The three most popular blog platforms are Blogger, WordPress and Typepad. Blogger is the easiest to set up and get started. But in the long-term, WordPress is more flexible and useful. However, the WordPress learning curve is a little tough at first.
Best advice: Get a dedicated domain name for your blog and spend a couple of weeks learning before you jump in.
YouTube/Videos: As much as 73% of all Internet users watch online video. There are many free video hosting sites, but YouTube is by far the most widely used. Videos make you and your business more personal and less intimidating. You will need to learn some basic video editing skills.
Best advice: Buy a Flip video camera and make short, informational videos. Then post them on YouTube and embed them in your website or blog. The Trunk Club in Bend, Oregon is an excellent example. Watch owner Joanna Van Vleck’s intro video and then click on the blog link to see various video tips.
facebook & myspace: Your users may very well already have facebook and myspace pages. If they do, you can allow them to “friend” you. This allows them to feel an emotional connection to your business. You can also post videos and pictures. myspace is primarily for teens and younger demographics and is beginning to focus on music. facebook is a haven for 20-somethings, but is gradually gaining acceptance with older demographics.
Best Advice: Update your page every day. Your network will see your updates. Then promote your facebook and myspace pages in store.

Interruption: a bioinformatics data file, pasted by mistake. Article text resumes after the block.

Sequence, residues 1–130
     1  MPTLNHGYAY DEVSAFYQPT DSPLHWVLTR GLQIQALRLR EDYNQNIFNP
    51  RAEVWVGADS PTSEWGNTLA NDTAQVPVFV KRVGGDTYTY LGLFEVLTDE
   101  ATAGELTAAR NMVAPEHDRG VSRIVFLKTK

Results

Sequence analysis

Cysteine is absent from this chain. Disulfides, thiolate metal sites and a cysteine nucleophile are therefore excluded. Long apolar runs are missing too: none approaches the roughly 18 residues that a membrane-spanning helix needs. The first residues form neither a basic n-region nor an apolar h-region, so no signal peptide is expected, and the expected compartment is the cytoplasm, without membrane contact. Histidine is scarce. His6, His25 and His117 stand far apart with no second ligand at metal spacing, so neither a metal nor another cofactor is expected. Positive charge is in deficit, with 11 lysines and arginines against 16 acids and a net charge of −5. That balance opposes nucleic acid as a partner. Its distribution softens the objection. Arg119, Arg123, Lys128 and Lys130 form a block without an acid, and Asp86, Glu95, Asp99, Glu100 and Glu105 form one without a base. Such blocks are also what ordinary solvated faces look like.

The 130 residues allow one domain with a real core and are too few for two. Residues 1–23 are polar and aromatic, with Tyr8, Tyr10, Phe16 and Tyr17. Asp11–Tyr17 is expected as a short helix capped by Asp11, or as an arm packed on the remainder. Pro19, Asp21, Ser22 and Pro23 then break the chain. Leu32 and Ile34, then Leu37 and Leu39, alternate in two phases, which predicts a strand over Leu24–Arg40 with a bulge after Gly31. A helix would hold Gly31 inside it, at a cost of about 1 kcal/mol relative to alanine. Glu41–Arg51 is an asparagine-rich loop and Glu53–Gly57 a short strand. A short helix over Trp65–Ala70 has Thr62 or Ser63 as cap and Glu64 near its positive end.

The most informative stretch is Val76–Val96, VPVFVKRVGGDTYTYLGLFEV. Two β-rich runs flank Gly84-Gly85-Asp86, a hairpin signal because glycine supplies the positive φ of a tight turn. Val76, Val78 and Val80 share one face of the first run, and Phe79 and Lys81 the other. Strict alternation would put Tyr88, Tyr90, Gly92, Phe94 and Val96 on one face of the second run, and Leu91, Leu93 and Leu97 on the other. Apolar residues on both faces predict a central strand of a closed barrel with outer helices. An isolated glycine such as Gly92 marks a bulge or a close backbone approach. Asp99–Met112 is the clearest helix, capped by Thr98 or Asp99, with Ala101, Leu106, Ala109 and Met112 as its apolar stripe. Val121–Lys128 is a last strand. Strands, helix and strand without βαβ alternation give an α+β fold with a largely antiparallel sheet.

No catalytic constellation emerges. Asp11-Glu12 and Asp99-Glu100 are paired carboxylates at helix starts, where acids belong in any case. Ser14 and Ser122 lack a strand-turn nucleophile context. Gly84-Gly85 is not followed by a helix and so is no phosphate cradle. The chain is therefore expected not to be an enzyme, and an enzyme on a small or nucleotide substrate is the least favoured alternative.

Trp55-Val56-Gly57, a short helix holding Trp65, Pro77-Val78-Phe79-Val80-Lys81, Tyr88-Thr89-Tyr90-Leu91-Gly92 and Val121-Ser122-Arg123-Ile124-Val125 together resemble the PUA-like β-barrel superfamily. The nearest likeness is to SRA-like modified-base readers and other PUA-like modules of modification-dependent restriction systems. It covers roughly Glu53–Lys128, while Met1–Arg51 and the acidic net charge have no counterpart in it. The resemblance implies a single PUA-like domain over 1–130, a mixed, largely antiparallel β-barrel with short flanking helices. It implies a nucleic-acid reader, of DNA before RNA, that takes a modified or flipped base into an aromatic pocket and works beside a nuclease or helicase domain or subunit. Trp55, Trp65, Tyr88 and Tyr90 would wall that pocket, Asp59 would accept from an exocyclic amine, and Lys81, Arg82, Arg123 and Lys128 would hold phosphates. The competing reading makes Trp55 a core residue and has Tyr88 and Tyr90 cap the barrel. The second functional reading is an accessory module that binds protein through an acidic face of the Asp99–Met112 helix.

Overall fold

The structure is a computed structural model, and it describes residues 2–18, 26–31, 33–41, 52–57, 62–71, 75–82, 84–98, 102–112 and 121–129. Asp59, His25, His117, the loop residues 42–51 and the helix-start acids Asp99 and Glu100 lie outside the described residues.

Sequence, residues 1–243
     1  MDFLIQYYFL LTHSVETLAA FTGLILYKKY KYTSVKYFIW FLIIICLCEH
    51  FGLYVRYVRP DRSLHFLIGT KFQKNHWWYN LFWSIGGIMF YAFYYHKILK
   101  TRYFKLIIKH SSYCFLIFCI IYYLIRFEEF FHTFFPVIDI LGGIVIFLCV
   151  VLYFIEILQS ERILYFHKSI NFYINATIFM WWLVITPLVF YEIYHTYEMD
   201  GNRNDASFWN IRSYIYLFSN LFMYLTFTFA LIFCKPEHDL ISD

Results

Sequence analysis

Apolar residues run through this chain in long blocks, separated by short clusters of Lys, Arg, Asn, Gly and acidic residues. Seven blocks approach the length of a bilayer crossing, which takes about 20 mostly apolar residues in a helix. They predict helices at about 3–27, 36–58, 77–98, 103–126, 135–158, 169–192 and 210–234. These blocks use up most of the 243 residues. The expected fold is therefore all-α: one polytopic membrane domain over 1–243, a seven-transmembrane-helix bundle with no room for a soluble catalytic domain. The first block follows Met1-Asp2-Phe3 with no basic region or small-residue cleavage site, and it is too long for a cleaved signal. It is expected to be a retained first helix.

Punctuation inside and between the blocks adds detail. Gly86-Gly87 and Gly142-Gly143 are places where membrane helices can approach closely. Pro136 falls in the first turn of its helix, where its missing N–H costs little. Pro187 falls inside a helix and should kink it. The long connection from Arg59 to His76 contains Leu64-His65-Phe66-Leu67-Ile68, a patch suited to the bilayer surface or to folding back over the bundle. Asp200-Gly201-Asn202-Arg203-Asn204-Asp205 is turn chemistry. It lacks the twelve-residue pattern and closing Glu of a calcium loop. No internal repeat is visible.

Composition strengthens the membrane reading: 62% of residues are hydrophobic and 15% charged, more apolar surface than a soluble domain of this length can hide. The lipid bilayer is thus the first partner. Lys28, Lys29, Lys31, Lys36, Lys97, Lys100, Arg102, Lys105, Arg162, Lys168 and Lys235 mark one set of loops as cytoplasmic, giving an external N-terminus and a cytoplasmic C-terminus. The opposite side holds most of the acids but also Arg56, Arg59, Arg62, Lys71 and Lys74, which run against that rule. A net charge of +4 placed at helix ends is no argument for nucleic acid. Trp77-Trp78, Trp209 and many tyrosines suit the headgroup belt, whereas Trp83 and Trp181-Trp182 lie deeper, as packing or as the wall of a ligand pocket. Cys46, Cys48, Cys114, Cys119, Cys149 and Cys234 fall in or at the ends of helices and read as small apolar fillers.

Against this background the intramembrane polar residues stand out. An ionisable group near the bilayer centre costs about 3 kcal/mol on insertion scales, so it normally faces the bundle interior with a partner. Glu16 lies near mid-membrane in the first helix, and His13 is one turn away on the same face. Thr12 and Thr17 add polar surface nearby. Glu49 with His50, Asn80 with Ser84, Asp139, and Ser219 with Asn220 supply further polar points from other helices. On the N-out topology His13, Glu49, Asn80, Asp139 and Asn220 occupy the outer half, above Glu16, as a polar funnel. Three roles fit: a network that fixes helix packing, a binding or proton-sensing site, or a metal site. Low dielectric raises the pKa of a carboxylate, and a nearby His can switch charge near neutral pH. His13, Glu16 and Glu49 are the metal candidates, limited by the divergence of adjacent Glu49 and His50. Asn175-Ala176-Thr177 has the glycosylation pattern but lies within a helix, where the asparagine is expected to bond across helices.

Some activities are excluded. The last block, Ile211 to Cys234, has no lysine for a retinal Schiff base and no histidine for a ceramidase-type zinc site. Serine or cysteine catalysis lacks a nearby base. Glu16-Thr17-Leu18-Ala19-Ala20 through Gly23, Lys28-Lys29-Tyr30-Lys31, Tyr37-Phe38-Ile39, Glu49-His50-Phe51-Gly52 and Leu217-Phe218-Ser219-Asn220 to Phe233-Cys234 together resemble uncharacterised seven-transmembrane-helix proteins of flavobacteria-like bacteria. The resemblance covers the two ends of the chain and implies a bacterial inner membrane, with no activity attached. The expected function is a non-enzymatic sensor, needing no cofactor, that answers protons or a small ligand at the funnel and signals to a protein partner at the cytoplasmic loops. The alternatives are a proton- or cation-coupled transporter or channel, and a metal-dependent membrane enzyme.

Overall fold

Twitter: Maybe has the best potential for business social media use. However, Twitter is just now going mainstream. Which is good, because you can become proficient at it before everyone else does. Twitter users can follow you and get notices via the web or through their mobile phone. Unfortunately, there is no critical mass right now and you would only be reaching early adopters.
Best advice: (If you decide to use anyway) Tweet updates about your business, notify loyal customers of special events. Speak personally.
Communities/Networks: In my opinion, these are over-rated for small businesses. Online communities are good if you have a community of users tied together by a common interest. Urbane Apartments in Royal Oak, Michigan uses their Urbane Lobby to let residents communicate and network with each other.
Best advice: Don’t try to start a community unless your customers are passionate about your business or your product.
There are many other social media options, but don’t jump in too deep before you learn the basics. Besides, most of your customers will only know the basic options. The important thing is that you do something. A year ago I wrote an article called You Don’t Need Social Media. I still believe that you don’t “need” anything. But having social media in your marketing arsenal is an advantage. Start a blog, create a video, get a facebook page. Get social with your customers.
To learn more about social media in your area look for a Social Media Breakfast. They’re popping up all over North America.
In Central Texas, I’m hosting the Waco Social Media Breakfast.